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People v. Harris

Court of Appeals of Illinois, First District, Sixth Division

March 10, 2017

THE PEOPLE OF THE STATE OF ILLINOIS, Plaintiff-Appellee,
v.
QUENTIN HARRIS, Defendant-Appellant.

         Appeal from the Circuit Court of Cook County. No. 11 CR 06744 Honorable Luciano Panici, Judge Presiding.

          JUSTICE CUNNINGHAM delivered the judgment of the court, with opinion. Presiding Justice Hoffman and Justice Rochford concurred in the judgment and opinion

          OPINION

          CUNNINGHAM, JUSTICE

         ¶ 1 The defendant appeals from his conviction for aggravated vehicular hijacking, arguing (1) that the State failed to prove that he had knowledge that his victim was deaf, so as to support the aggravated form of the offense of vehicular hijacking, and (2) that the prosecutor's conduct, including comments during opening and closing statements, deprived him of a fair trial. We find his contentions to be without merit and affirm the judgment of the circuit court of Cook County.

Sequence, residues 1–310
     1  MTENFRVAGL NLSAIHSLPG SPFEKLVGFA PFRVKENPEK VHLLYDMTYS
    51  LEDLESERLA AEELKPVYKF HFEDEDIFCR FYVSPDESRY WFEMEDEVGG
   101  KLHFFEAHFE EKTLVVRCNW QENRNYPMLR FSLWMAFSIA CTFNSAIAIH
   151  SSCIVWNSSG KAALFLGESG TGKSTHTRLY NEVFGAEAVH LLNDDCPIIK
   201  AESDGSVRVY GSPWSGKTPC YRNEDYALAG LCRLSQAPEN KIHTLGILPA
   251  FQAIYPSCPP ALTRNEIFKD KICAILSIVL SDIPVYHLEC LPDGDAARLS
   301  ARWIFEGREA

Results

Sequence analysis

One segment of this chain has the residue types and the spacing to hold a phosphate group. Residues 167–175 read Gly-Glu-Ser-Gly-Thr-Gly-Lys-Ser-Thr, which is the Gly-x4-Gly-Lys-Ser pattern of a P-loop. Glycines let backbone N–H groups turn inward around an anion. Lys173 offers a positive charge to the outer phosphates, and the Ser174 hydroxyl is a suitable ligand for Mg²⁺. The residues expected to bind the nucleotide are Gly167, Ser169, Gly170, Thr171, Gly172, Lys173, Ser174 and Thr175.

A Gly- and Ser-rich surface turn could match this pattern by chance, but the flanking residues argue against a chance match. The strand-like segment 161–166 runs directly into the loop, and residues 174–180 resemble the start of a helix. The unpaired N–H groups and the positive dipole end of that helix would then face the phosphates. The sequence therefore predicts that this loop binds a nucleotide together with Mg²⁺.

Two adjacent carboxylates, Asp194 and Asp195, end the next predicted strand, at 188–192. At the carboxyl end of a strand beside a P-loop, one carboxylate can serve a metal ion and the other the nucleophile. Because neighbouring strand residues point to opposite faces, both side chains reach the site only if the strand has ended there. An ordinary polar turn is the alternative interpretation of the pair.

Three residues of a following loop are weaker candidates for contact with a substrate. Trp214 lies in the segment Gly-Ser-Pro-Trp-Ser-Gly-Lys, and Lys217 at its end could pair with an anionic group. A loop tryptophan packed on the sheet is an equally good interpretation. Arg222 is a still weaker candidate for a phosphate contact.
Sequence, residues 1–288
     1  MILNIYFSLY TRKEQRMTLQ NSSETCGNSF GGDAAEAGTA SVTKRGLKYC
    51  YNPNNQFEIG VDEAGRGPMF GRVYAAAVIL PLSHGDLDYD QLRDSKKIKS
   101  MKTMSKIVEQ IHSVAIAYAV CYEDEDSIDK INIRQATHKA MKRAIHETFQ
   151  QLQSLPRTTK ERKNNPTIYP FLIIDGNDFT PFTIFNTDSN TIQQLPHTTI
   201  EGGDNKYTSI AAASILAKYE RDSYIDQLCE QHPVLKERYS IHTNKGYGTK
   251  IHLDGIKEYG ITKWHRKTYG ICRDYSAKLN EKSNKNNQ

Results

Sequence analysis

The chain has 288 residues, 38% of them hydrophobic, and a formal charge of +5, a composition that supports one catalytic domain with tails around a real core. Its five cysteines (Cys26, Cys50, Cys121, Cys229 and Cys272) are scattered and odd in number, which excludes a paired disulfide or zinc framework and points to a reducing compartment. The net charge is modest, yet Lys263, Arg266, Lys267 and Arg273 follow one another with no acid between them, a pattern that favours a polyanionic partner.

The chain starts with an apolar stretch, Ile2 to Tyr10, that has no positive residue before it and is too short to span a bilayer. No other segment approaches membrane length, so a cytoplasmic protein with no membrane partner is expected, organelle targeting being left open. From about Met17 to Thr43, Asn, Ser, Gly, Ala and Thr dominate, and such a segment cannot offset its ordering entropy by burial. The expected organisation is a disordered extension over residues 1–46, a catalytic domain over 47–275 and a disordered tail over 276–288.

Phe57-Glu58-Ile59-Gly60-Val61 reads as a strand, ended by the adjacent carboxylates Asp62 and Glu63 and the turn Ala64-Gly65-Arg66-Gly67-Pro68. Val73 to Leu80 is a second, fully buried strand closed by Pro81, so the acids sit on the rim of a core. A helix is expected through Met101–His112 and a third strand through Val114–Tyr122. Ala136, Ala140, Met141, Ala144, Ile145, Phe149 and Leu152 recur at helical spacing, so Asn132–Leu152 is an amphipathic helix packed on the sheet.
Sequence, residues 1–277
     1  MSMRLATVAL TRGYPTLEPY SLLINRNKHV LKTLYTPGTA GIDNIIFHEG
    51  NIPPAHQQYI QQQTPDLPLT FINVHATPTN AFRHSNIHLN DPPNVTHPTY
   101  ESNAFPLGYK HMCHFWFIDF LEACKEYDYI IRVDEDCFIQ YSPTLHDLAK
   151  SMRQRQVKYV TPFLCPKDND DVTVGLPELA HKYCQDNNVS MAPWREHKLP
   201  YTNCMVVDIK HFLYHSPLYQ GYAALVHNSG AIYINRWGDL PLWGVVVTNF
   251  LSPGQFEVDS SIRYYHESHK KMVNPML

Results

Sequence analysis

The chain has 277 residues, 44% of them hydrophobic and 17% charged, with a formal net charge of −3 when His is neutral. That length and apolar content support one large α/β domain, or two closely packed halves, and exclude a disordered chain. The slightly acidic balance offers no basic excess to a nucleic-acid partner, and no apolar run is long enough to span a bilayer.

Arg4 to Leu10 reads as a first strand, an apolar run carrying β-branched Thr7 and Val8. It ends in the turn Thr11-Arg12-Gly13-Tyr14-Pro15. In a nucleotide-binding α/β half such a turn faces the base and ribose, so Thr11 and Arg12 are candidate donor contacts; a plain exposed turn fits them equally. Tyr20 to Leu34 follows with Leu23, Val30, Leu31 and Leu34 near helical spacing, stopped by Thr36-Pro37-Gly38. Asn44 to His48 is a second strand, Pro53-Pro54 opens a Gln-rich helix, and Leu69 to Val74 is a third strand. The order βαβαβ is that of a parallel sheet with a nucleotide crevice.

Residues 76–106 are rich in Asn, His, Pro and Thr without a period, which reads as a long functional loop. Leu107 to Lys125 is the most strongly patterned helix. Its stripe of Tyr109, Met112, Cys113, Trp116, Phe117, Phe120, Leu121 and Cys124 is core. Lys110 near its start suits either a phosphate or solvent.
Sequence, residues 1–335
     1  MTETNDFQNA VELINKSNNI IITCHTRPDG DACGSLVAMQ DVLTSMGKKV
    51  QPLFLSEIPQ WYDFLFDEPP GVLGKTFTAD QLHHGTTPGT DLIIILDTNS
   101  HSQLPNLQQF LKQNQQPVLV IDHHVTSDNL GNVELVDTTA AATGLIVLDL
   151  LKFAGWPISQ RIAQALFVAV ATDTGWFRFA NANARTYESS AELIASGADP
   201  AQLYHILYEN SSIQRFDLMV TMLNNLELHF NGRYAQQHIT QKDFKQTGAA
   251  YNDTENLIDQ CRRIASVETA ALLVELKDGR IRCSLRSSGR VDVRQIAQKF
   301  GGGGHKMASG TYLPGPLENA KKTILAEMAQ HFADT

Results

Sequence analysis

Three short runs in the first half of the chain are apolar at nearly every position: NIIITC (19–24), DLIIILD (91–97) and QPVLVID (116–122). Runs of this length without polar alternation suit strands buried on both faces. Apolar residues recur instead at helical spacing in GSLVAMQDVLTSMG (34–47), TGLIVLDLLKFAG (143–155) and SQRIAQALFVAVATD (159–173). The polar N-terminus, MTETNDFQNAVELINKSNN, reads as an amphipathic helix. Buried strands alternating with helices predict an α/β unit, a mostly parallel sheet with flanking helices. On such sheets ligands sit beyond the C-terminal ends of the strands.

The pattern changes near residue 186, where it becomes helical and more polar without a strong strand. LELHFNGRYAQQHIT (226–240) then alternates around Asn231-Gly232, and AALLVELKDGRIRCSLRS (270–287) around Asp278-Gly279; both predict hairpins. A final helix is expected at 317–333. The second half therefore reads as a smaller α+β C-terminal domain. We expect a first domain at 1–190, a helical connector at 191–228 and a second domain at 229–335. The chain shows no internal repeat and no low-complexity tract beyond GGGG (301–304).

¶ 2 BACKGROUND

         ¶ 3 The defendant was charged with aggravated vehicular hijacking, vehicular hijacking, and attempted robbery in connection with a crime allegedly perpetrated against Carla Sarli-Roman on March 1, 2011. The aggravated vehicular hijacking charge was premised, in part, on the fact that Carla is deaf.

         ¶ 4 During opening statements at the defendant's trial, the prosecutor told the jurors that:

"Carla is in school. She is a young woman in her early 20's, and she is trying to get her license in cosmetology, cutting hair. *** Carla used to drive to cosmetology school, but she can't drive there anymore. Her dad has to drive her, because back on March 1st, 2011, this defendant decided to take something that wasn't his.”

         ¶ 5 The State called Carla as its first witness. Carla testified that she is deaf, but that she speaks Spanish and English, uses American Sign Language, and is able to read lips. Before asking her about the details of the alleged crime, the prosecutor elicited the following testimony:

“Q. Carla, are you in school now?
A. Yes.
Q. What are you learning to do in school?
A. To cut people's hair.
Q. All right. Do you drive to school, Carla?
A. No.
Q. And why don't you drive to school?
A. I don't have a car.
Q. Okay.
A. They stole it.”

         ¶ 6 Carla testified that around 6:30 p.m. on March 1, 2011, she was leaving a clothing store in Calumet Park, Illinois, when three young men, including the defendant, approached and said “sexual things” to her. Carla tried to ignore the men and walked toward her car, a Ford Taurus. She entered the driver's seat of her car and tried to close the door, but one of the men held the door to prevent it from closing.